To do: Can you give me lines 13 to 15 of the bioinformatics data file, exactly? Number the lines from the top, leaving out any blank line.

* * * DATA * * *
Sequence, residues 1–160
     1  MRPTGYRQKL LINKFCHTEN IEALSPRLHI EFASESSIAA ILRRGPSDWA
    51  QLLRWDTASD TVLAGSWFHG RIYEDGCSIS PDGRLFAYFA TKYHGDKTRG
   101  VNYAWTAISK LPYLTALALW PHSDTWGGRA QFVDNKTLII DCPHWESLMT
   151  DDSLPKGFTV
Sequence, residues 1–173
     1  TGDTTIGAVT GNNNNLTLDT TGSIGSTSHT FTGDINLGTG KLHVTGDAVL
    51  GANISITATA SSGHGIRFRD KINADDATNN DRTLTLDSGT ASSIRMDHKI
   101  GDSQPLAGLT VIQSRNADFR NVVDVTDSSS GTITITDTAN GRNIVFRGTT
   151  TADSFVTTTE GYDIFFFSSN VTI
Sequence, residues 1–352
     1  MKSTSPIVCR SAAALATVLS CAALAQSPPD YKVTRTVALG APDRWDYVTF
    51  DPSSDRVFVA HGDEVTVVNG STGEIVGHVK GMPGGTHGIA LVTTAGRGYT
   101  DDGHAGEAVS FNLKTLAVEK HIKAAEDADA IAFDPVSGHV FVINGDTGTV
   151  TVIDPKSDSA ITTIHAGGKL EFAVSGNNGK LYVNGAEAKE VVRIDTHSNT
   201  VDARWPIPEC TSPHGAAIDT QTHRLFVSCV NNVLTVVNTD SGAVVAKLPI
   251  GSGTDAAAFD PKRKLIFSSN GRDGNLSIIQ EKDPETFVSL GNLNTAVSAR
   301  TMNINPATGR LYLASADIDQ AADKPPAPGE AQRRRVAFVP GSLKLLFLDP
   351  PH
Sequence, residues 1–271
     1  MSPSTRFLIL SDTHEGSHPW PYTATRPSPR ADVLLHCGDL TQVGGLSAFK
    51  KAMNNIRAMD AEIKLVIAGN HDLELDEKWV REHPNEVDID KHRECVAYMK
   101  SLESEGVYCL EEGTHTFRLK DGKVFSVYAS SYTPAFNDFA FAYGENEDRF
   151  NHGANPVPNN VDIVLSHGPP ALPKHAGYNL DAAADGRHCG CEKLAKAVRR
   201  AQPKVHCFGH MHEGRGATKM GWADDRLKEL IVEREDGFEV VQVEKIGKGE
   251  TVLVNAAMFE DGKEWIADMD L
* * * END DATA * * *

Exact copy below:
    51  DPSSDRVFVA HGDEVTVVNG STGEIVGHVK GMPGGTHGIA LVTTAGRGYT
   101  DDGHAGEAVS FNLKTLAVEK HIKAAEDADA IAFDPVSGHV FVINGDTGTV
   151  TVIDPKSDSA ITTIHAGGKL EFAVSGNNGK LYVNGAEAKE VVRIDTHSNT